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U.S. warns on pot bill

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EDMONTON -- The federal government's controversial marijuana
decriminalization bill is coming back to the Commons in 2004 -- and the U.S.
ambassador is already warning of reduced border access for Canadian trade
and travel. And while U.S. Ambassador Paul Cellucci acknowledged yesterday
Canada has the right to set its own drug policy, he warned Ottawa could be
setting the stage for a border crackdown if the bill makes weed easier to
get here.

"Our concern is the perception of this is that this is a weakening of the
law ... that it will be easier to get marijuana in Canada," he said during
an Edmonton stopover.

"Our customs and immigration officers, they're law-enforcement officers. If
they think it's easier to get marijuana in Canada, they're going to be on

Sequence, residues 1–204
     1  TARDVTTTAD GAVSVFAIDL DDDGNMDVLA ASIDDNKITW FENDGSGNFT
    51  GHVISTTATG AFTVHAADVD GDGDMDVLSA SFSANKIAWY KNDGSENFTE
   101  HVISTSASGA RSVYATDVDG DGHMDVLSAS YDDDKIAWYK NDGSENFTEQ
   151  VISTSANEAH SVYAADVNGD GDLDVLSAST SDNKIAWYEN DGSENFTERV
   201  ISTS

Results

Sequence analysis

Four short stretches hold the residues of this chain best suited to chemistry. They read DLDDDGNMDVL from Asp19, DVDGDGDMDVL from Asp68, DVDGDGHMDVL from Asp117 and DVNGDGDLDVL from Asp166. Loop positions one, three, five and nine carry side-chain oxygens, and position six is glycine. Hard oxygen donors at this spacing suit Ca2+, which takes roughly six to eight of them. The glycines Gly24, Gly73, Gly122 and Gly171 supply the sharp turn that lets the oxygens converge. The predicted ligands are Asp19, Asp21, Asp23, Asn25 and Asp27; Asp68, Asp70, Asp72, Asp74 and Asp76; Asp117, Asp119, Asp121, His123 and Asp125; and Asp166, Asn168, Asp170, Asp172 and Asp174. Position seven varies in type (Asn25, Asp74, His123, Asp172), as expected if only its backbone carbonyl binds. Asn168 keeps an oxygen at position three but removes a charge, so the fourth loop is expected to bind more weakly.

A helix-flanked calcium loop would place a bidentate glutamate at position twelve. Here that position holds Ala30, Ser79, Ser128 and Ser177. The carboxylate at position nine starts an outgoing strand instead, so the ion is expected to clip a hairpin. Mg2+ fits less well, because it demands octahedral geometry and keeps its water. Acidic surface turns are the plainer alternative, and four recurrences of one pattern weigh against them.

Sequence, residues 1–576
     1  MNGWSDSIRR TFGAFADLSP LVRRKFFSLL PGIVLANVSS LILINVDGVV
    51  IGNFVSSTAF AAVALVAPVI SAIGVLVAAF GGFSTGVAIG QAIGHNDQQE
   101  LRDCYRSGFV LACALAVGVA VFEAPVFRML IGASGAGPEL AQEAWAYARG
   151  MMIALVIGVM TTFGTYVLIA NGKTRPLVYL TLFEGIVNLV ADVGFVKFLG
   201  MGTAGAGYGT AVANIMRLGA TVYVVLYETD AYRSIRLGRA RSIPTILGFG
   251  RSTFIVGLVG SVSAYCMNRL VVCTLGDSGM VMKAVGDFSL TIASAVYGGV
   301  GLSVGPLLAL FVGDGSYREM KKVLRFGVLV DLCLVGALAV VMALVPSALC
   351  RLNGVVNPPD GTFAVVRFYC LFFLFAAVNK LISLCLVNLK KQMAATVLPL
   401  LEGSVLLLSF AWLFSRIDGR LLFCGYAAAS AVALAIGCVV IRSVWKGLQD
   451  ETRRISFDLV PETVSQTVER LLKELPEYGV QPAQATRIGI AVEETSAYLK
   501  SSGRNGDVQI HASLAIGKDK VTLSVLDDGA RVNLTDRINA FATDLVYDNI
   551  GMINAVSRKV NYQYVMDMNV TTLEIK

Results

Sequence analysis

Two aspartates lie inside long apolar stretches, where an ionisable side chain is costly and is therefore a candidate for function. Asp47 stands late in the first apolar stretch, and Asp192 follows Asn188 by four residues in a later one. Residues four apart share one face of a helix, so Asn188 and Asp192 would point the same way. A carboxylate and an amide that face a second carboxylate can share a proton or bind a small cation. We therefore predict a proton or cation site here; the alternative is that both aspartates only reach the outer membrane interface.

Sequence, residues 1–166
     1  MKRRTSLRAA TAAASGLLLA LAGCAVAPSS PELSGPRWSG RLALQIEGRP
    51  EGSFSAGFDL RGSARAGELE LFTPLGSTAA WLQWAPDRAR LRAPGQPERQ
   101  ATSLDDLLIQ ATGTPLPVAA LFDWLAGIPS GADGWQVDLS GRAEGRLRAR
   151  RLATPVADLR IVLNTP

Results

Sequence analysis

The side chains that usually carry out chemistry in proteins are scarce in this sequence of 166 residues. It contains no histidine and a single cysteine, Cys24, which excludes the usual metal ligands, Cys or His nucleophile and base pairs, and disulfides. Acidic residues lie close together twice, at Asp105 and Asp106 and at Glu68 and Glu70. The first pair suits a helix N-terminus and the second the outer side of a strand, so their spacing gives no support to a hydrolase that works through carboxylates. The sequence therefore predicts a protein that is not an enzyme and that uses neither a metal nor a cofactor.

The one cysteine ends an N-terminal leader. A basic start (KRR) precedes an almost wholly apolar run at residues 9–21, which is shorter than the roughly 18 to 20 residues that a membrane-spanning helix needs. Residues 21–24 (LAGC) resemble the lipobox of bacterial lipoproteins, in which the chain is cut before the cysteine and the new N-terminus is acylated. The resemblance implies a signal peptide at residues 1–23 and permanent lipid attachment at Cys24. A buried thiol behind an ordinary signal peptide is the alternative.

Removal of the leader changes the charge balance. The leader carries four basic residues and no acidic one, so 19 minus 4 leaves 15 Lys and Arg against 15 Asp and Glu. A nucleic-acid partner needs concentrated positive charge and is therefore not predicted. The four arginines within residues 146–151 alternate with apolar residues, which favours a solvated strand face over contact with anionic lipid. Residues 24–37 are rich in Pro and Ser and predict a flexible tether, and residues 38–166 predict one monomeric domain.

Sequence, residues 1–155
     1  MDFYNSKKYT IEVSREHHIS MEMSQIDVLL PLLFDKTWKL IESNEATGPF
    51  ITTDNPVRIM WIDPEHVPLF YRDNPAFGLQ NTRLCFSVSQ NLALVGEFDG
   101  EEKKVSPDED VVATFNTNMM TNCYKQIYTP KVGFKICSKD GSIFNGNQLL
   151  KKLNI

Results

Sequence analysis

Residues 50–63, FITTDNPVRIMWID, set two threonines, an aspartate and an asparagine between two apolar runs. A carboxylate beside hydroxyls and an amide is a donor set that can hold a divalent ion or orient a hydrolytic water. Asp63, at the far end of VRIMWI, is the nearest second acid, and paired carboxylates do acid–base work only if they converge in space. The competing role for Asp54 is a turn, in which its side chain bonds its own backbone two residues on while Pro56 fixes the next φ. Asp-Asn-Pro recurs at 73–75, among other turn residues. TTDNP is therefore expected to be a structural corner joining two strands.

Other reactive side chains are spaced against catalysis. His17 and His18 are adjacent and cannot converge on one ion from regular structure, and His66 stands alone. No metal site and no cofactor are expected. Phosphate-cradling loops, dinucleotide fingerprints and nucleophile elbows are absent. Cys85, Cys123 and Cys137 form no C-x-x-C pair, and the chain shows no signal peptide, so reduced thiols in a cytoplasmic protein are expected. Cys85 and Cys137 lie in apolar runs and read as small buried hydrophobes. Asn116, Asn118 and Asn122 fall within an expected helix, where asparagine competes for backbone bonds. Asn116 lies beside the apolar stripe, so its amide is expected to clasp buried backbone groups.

the lookout for it.

"That's going to put pressure on the border at a time when we've been trying
to take pressure off it. We don't want to have a lot of young people having
their vehicles inspected when they're crossing the border."

The bill's return might surprise a few of Paul Martin's longtime supporters
in caucus. Many backbenchers believed the prime minister designate, anxious
to avoid a confrontation with Washington, would let the bill die a quiet

Pubdate: Wednesday, December 10, 2003
Source: Winnipeg Sun (CN MB)
Contact: editor@wpgsun.com
Website: Under Construction fyiwinnipeg.com
Author: Sun Media